Texas’s Laguna Madre

Texas’s Laguna Madre

“Spoil islands” in the Laguna Madre provide great places to hunt ducks, but getting to them requires a boat. Photograph by Lori Thomas.

By E. Donnall Thomas Jr.

My only concern as we threw out the decoys that morning was lack of cover. We had the entire island to ourselves—all three acres of it—but the highest dry land rose only a few feet above the waterline, and the tallest vegetation consisted of parched scrub. I finally had found an eroded bank tall enough to break up our outline as long as we were sitting down, and that would have to do.

The ducks didn’t seem to care. The first flock came in low over the water as if we were reeling them in with our fly rods (which we had brought in case any redfish tails appeared in our decoy spread). Their rapid wingbeats and tight formation identified them as divers, but I couldn’t confirm them as redheads until they were within shotgun range. “Drakes on the left!” I shouted as I struggled into shooting position. I was able to kill one bird with my first barrel, as did my wife, Lori.

We were hunting the Laguna Madre, the shallow ribbon of salt water that runs 140 miles between the Texas mainland and Padre Island on the Gulf of Mexico’s western shore. A unique marine ecosystem, it is North America’s only hypersaline lagoon and just one of six in the world. Vast numbers of waterfowl, especially diving ducks, winter here. A remarkable 80 percent of the redheads in the world spend the cold months here.

Texas isn’t known for public-land hunting opportunities, since the percentage of its surface area in public hands is the lowest of any Western state. However, coastal shoreline below the mean high-water mark is public—if you can reach it (see below).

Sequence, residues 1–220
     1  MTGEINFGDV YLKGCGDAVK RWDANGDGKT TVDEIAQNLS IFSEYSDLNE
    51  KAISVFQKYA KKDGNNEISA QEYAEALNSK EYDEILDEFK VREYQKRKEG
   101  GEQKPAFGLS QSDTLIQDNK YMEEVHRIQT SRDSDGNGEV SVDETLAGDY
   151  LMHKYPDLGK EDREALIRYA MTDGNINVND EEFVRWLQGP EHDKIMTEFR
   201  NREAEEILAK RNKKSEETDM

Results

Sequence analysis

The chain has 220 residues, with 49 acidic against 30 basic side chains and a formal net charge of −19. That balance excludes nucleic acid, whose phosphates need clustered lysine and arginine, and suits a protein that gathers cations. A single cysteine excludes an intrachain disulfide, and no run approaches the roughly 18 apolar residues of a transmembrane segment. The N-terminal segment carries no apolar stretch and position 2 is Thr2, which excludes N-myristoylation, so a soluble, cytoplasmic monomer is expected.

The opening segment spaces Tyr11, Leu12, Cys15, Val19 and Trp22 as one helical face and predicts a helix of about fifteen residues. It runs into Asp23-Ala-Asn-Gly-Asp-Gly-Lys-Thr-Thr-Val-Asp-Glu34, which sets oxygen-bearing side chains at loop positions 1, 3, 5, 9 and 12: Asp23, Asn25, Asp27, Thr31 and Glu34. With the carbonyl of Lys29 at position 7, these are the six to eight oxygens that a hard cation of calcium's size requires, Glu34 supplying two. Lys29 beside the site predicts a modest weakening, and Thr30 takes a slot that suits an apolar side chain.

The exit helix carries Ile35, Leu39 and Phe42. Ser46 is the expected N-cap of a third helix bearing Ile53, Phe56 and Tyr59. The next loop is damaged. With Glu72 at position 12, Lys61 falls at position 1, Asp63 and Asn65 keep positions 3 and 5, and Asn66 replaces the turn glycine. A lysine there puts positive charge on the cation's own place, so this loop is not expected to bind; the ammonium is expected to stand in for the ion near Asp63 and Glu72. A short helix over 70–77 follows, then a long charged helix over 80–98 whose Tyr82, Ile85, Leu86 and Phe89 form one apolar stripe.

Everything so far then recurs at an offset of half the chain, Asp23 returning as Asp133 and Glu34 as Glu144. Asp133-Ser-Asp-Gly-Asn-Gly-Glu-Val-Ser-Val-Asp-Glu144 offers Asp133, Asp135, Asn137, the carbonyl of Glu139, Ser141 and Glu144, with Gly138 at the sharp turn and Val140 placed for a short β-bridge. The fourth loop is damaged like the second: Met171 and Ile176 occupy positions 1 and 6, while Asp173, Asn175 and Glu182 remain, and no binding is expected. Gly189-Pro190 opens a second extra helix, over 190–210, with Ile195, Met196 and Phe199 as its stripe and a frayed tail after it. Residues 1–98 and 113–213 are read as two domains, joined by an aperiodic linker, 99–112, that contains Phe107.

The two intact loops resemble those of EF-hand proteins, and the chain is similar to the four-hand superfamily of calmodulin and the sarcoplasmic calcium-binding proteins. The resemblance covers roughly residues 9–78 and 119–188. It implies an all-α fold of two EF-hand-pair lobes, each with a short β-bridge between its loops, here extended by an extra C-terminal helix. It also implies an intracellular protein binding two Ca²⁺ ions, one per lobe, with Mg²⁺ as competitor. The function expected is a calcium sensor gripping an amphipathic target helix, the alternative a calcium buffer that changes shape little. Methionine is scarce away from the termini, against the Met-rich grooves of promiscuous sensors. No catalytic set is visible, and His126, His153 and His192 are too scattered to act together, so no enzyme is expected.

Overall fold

The completion of the Texas portion of the Gulf Intracoastal Waterway (ICWW) in 1949 connected the Upper and Lower segments of Laguna Madre and permanently altered its character. Dredging resulted in countless tons of sea bottom being dug from the ICWW channel, and the Army Corps of Engineers dumped it alongside the channel, creating two long, parallel rows of “spoil islands” that now are owned by the state. The ecological cost was considerable, but the spoil islands provide a great place to hunt ducks.

Reaching them requires a boat. The easiest way to do this is with a guide or charter. Port Mansfield, Port Isabel and the town of South Padre Island all support large fishing-charter fleets. Boat rentals are also available in these communities. Hardcore DIY hunters with their own boats can do it, too, with suitable watercraft. Public boat ramps are available in the towns mentioned earlier.

While the ICWW is safe and well marked, you’re on your own once you leave its boundaries. A shallow draft boat is mandatory. Water changes abruptly from barely deep enough to too shallow. And while most of the bottom is mud and sand, oyster bars are plentiful and can be hard on outboards.

Lori and I finished our morning with species sub-limits of redheads and scaup. Though divers often predominate, one also can expect teal, pintails and other puddle ducks (although almost never mallards), especially close to fresh water on the mainland. After finishing the day with a couple of fly-rod redfish and shucked oysters for dinner, we were ready to come back every year. And we have. 

For more information, visit tpwd.texas.gov.

 


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